From their earliest contact with traders and explorers, American Indians borrowed foreign words, often to describe things not previously encountered. In this way, Russian was the source of the Alaskan Yupik word for "cat" and an Athabaskan word for "bullets." Native Canadian groups adopted French terms still in use, and southwestern groups in what is now the U.S. borrowed numerous Spanish terms.

The language exchange went both ways. Today, thousands of place names across North America have Indian origins—as do hundreds of everyday English words.

Many of these "loan words" are nouns from the Algonquian languages that were once widespread along the Atlantic coast. English colonists, encountering unfamiliar plants and animals—among them moose, opossum, and skunk—borrowed Indian terms to name them. Pronunciations generally changed, and sometimes the newcomers shortened words they found difficult; for instance, "pocohiquara" became "hickory."

Some U.S. English Words with Indian Origins

anorak from the Greenlandic Inuit "annoraq"

bayou from the Choctaw "bayuk"

chipmunk from the Ojibwa "ajidamoon," red squirrel

hickory from the Virginia Algonquian "pocohiquara"

hominy from the Virginia Algonquian "uskatahomen"

igloo from the Canadian Inuit "iglu," house

kayak from the Alaskan Yupik "qayaq"

moccasin from the Virginia Algonquian

moose from the Eastern Abenaki "mos"

papoose from the Narragansett "papoos," child

pecan from the Illinois "pakani"

powwow from the Narragansett "powwaw," shaman

quahog from the Narragansett "poquauhock"

squash from the Narragansett "askutasquash"

succotash from the Narragansett "msickquatash," boiled corn

tepee from the Sioux "tipi," dwelling

toboggan from the Micmac "topaghan"

tomahawk from the Virginia Algonquian "tamahaac"

totem from the Ojibwa "nindoodem," my totem

wampum from the Massachusett "wampumpeag"

wigwam from the Eastern Abenaki "wik'wom"


What would  Italian cooking be without the tomato? How would Irish history have been different without the potato? What would the Swiss have done without chocolate? These and such products as tobacco, corn, cassava, and most species of bean were unknown in Europe before the voyages of Columbus. As the early explorers encountered these exotic items in the Americas, they brought them to Europe and Africa, where they eventually revolutionized eating habits.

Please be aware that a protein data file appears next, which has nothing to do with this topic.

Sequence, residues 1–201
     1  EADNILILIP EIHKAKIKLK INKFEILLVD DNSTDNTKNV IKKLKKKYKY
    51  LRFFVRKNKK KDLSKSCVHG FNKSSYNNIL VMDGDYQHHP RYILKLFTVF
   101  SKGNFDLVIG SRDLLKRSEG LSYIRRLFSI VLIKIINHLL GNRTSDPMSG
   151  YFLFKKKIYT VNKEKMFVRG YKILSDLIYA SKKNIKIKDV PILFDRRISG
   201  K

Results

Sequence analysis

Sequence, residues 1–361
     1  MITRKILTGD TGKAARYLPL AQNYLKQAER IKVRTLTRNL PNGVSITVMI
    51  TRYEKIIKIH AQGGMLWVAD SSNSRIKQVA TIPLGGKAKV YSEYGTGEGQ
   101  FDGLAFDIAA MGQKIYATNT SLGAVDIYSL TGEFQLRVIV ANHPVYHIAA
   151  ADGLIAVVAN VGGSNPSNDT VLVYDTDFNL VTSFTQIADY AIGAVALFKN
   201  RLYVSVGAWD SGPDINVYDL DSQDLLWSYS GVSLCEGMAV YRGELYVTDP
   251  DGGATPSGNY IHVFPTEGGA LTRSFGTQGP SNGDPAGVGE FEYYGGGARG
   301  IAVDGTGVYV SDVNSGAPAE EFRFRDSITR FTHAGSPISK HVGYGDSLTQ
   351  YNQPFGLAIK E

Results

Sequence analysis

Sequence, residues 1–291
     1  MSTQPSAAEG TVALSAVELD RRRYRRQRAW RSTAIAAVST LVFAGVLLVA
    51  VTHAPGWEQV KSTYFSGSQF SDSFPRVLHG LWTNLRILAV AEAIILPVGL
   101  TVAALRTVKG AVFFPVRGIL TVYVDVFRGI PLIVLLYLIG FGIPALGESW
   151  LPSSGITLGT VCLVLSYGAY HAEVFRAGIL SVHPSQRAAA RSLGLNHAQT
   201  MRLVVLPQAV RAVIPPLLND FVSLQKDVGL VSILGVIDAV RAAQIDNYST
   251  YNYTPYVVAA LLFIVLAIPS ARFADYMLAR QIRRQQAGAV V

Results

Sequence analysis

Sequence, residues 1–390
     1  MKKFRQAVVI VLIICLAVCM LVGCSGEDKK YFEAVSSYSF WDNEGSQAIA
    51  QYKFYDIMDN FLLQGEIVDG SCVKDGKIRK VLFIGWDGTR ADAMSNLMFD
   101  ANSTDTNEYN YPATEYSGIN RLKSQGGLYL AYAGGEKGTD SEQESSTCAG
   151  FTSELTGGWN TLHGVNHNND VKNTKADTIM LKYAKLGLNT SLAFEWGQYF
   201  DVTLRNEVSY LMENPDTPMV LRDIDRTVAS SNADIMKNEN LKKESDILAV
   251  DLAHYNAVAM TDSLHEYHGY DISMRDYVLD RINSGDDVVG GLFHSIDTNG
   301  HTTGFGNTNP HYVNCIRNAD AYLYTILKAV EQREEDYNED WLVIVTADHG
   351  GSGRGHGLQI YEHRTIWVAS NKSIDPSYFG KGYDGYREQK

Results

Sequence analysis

Until Columbus, the only beans known in the Old World were soybeans and some uncommon species. Other types of bean widely used today — shell, string, kidney, lima, and pea beans—were cultivated by indigenous peoples of the Americas.


Also known as manioc, this starchy root is native to the Amazon region of South America, where Indians cultivated it. As trade between Africa, Europe, and the New World blossomed, cassava gradually became a staple in parts of Africa.


The Aztecs drank a chocolate drink, which intrigued the Spanish when they arrived in Mexico around 1500. The Spaniards introduced chocolate to Europe where it quickly became an exotic luxury. In 1657 a London store began selling chocolate and started a trend. As people gathered to drink chocolate and talk, conversation clubs arose. The Cocoa Tree was the most famous. Chocolate was first manufactured in the U.S. at Milton Lower Mills outside Boston, Mass. In the 1870s the Swiss began making milk chocolate, by adding condensed milk to the formula.


What is known in the U.S. today as corn is actually maize, or was sometimes called Indian corn. In England, "corn" meant wheat, while in Scotland and Ireland it referred to oats. Indians cultivated several varieties of corn& mash; white, yellow, red, blue, sweet corn, popcorn, and corn to make corn meal. Corn is a mixture of several types of wild grass.


From its origins among the Inca of the Andes Mountains, potato cultivation spread through wide areas of the Americas, where it was often a staple crop. The Spanish introduced it to Europe. The English first began to grow potatoes on a large scale. English settlers brought the potato with them to North America after 1600, thus reintroducing it to the New World. In Europe, the potato became a staple in many areas. Failure of the Irish potato crop in the mid-1800s prompted a massive migration to the Americas.


Early explorers reported seeing Indians smoking tobacco. By the mid-1500s, Spain and Portugal had introduced tobacco to Europe where it gradually became popular. The English began experimenting with the crop in Virginia, which remains a major tobacco producer. Tobacco use and production have circled the globe. The Middle East, Turkey, Pakistan, India, China, Russia, Indonesia, and the Philippines all produce tobacco. Cuba and Puerto Rico also grow tobacco and have become
important cigar manufacturers.


The Incas and the Aztecs raised tomatoes. Officially a fruit, the tomato, sometimes called the "love apple," did not catch on at once in Europe. Many people believed tomatoes were poisonous. Around 1800, the tomato was reintroduced to the Americas when Europeans brought it to the U.S., where it is the third most common vegetable crop today.


Imagine our world without chocolate or chewing gum, syringes, rubber balls, or copper tubing. Native peoples invented precursors to all these and made huge strides in medicine and agriculture.

They developed pain medicines, birth-control drugs, and treatment for scurvy. Their strains of domesticated corn, potatoes, and other foods helped reduce hunger and disease in Europe—though Indians also introduced the cultivation and use of tobacco.